Updated: Oct 22
As I face Monday with an equal dread towards a packed work schedule and the routine responsibilities of getting my small children in a clean, fed and presentable state from A to B to C to D and back round again, I realise that I am less "burning the candle at both ends" and more "the withering embers of a wildfire that has left little evidence of a former bountiful, energised life-sustaining force".
I have burnt out several times in my academic life. I sit at the nexus of a dangerous combination of unrelenting imposter syndrome, a tireless work ethic and a system that purports to reward hard work and merit, but actually exploits labour in a glorified pyramid-scheme. What I hadn't expected, was that the traits that give me a proclivity to burnout in my work-life also feed burnout in my family-life. In fact, those tendencies are magnified as a mother. A persistent sense of inadequacy in my parenting, means I push myself to constantly keep the kids happy and entertained and to be available, no matter what. This often comes at the expense of my own happiness. Any time I have available, I spend making up the work I couldn't do because I had to pick my daughter up early to treat her to a day out without her brother demanding all my attention. I take annual leave just to clean the house, organise themed parties, make gift bags and sew costumes. I buy my daughter new dresses, shoes and accessories, because she loves to dress up, rarely buying myself anything new because I know I will be covered in smears of paint and yoghurt.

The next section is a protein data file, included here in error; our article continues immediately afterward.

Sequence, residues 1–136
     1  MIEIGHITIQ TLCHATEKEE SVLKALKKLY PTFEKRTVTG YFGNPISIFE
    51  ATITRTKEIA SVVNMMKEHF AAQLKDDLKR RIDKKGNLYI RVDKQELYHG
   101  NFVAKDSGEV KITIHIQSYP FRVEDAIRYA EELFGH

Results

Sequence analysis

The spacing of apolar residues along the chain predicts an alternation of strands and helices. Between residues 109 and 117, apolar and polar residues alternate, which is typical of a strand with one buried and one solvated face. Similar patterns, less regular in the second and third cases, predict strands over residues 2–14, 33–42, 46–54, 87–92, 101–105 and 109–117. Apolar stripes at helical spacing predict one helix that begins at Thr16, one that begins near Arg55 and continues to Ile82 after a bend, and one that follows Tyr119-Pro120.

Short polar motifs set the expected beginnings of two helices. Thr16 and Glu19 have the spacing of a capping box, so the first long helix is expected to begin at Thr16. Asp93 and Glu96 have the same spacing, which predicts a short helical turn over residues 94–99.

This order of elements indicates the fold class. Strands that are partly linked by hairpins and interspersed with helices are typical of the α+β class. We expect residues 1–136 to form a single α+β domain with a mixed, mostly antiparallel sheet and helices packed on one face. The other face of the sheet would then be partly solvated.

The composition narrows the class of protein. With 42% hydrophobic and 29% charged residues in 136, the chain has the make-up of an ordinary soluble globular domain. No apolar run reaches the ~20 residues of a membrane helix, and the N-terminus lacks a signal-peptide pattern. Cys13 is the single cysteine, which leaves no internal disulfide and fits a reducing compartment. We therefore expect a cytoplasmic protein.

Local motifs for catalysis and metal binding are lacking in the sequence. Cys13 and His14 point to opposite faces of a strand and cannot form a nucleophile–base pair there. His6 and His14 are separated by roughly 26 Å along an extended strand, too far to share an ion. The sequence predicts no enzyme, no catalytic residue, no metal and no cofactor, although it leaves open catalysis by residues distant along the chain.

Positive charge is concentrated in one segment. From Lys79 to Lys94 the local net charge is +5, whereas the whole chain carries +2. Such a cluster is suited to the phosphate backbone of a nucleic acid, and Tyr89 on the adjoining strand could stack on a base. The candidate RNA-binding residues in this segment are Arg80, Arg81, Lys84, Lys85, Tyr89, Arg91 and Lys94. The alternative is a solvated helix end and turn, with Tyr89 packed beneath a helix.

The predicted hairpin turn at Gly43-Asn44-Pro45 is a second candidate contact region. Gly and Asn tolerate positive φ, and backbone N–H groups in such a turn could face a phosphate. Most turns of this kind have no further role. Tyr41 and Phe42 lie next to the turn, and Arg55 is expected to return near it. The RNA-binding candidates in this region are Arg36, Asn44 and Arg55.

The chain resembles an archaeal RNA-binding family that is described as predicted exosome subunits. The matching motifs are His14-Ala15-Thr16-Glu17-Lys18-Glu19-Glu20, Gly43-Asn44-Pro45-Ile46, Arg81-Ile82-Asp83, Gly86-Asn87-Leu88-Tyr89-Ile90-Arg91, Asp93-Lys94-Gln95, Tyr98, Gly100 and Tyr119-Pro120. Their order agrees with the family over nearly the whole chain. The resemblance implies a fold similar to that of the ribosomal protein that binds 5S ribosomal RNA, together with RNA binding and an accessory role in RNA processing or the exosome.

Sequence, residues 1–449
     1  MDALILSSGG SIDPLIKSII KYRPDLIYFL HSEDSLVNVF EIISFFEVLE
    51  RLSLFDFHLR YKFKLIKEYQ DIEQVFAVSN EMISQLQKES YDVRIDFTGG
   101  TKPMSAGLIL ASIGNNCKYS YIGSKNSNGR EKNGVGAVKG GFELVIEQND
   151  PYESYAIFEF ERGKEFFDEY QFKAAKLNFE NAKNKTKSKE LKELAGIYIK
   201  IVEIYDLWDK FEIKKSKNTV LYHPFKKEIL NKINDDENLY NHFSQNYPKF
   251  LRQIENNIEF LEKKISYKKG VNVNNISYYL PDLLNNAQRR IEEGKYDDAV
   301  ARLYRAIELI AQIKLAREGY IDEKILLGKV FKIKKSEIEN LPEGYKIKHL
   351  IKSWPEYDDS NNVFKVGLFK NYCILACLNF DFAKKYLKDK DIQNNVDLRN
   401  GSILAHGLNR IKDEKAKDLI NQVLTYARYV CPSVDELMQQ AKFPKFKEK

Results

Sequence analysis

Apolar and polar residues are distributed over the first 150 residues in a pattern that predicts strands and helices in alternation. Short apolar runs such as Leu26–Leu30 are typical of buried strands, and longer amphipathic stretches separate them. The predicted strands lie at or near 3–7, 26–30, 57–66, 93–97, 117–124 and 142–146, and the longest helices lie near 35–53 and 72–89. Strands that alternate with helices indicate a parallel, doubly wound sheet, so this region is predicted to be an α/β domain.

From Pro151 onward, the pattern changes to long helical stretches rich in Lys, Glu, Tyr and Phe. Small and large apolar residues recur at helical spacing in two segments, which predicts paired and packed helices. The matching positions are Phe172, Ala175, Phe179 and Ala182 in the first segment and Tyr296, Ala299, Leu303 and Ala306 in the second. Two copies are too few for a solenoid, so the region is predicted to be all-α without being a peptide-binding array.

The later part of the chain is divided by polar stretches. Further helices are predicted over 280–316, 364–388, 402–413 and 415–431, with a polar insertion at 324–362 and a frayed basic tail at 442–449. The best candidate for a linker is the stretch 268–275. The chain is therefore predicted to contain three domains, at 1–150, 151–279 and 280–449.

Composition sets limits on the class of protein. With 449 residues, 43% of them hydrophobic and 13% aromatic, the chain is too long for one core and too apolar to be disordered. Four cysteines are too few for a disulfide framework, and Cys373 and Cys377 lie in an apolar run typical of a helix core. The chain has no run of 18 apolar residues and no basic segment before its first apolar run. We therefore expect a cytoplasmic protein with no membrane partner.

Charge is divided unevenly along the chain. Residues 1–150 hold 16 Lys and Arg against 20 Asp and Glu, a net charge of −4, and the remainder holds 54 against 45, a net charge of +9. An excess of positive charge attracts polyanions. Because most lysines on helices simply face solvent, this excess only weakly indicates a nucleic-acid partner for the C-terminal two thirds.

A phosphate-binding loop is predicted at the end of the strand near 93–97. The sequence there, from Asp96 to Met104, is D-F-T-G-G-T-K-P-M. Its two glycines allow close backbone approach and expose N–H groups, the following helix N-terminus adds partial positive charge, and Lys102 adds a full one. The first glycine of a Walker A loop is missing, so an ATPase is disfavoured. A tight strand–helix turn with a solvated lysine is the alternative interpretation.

How do I find a balance? An unremitting guilt at not spending enough time with my kids, managing my home, doing enough at work, or seeing enough of my friends and family, leaves my own needs right at the bottom of the list. Most weeks, I tell myself that it is only now, while they are small that things will be this tough. I am constantly reminded that this time goes so quickly, I should embrace every moment and not wish them to be old enough to dress themselves or play without my constant attention. I promise myself everyday that I'll do something for myself, but most days I break that promise. And so I add more guilt, that I am not selfless in giving to my children, that I might feel resentment in not caring for myself or being appreciated enough. If you are hoping I will offer a solution here, you will be disappointed. I have not found one. And by the way, guilt at having so much privilege and yet feeling exhaustion above gratitude, has not escaped me.
a side note
These posts serve partly as therapy for me, and partly in hopes that the words will resonate with you and help build a community of parents and friends that can support each other. Take a look around the website, and join if you want to see more.